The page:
Superior development is a good advantage to have. However, as many chess players unhappily acknowledge, it is very transient. Many players have built up a significant lead in development only to see it fizzle away because they didn’t know how to take advantage of the opportunity. Of course, the importance of development is stressed very often. In fact, it is one of the 3 goals of the opening. Yet, so few players know how to utilize such an advantage!
Many players know that the opening of the position favors the two bishops. So, too, here the opening of the position favors the better developed side. If you have the superior development, your goal should be to open up the position. Usually this is performed via a pawn break. If you can post your pieces so as to support such a pawn break, and you have a lead in development, your pieces will control the whole board. Your rooks will have the time to occupy the open files, and your pieces will be coordinated. Meanwhile, while you are completely developed, control the center, and are ready to pursue play on the wings, your opponent hasn’t even completed his development! This rule has very little to no exceptions. Almost always obey this rule without question.
What should you do once you open up the position? Chess players often accumulate various advantages, but fail to follow through and capitalize them. You can’t let your advantage fizzle away. Given time, your opponent will complete his development. Given time, your opponent will be able to gain counterplay. Given time, your opponent will equalize. So don’t give your opponent time! Start capitalizing in on your advantages.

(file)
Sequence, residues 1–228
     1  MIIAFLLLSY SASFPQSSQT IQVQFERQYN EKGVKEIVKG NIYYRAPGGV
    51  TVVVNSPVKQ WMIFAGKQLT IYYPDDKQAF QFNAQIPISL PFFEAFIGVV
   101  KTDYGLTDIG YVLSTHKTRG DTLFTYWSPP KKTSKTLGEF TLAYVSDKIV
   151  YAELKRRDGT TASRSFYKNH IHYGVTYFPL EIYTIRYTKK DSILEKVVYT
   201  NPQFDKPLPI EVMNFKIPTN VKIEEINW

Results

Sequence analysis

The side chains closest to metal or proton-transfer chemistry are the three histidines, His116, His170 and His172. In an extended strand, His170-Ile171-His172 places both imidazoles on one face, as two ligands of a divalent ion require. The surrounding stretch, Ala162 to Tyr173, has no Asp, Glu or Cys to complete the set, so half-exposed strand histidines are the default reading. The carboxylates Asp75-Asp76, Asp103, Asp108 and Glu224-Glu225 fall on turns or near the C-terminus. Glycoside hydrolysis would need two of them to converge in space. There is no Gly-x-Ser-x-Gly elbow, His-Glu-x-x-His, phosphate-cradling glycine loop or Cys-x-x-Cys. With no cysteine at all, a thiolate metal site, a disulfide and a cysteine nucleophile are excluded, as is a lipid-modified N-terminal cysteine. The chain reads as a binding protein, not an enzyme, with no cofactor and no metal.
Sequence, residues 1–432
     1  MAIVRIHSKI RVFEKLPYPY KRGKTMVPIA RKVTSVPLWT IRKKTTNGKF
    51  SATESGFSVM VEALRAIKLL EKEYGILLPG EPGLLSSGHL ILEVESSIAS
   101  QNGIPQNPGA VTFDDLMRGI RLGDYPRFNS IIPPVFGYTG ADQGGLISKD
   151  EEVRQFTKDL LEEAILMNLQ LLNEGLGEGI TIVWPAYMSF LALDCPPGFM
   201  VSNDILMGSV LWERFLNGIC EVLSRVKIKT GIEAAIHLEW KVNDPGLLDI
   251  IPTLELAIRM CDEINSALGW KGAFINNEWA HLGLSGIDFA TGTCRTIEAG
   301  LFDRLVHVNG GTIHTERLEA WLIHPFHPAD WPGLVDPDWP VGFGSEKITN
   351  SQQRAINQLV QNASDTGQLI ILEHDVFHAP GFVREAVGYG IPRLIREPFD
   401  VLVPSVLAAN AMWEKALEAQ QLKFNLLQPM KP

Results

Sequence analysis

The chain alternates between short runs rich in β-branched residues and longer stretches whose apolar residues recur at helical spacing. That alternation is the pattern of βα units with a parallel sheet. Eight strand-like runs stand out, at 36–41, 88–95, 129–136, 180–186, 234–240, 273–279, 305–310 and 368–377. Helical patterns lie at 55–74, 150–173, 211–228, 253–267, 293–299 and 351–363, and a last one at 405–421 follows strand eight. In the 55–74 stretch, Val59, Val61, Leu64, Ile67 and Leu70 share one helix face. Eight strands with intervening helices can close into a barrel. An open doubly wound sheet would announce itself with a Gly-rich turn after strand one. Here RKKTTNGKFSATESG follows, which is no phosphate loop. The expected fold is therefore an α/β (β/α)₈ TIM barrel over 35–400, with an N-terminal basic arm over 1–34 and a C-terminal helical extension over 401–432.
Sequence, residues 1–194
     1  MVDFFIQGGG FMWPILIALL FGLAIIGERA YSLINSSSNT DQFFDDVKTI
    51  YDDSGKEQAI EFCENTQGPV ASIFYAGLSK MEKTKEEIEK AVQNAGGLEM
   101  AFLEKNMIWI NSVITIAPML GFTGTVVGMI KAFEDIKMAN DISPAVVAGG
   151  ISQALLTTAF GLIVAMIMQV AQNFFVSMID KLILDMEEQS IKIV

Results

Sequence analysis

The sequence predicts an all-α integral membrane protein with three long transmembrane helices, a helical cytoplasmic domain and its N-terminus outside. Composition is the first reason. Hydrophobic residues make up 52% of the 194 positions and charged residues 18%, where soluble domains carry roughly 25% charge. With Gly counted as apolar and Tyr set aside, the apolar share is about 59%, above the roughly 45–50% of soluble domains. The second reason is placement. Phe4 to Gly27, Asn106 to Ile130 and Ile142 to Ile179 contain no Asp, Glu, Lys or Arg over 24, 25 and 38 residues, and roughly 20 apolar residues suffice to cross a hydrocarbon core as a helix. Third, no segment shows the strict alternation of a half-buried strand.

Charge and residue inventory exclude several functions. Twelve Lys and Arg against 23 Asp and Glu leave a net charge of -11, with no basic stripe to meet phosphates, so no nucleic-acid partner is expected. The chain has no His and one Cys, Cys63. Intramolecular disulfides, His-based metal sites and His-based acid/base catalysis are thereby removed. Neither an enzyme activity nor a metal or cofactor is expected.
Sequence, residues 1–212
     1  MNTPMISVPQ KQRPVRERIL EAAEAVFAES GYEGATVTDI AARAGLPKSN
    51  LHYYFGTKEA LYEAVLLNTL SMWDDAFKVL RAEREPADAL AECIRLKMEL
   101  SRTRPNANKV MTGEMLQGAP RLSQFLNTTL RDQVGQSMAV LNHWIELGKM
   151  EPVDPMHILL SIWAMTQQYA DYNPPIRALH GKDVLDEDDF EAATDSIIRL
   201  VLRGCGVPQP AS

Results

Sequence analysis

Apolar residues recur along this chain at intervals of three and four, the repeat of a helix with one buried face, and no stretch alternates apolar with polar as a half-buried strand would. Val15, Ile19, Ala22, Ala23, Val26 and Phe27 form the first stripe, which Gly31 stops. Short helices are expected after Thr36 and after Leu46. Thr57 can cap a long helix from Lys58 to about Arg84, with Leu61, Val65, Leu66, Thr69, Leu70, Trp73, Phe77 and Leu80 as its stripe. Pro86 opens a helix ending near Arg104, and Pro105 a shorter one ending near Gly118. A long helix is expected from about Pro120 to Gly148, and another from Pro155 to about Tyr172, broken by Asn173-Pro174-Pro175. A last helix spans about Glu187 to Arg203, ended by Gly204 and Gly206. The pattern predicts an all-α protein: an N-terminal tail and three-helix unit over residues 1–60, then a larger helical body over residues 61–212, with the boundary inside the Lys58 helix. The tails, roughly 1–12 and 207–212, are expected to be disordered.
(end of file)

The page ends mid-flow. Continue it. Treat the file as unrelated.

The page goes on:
Often, this is realized through an attack. Once you have opened up the position, your pieces are coordinated, and you control the center (usually, central control comes with superior development in an open position, since your opponent’s pieces aren’t even putting up a fight!). So you start attacking. Think about it for a moment. You have castled, completed your development, and are attacking on one wing. Your opponent, on the other hand, doesn’t even have the pieces developed to come and defend! Chess is like a war in many respects, and it is here also. In a war, if your opponent’s troops are tied up somewhere else, you are free to deploy your troops into one area. You can then overwhelm his forces. The same holds true for chess. Your dynamic advantage of superior development can quickly be realized into an attack.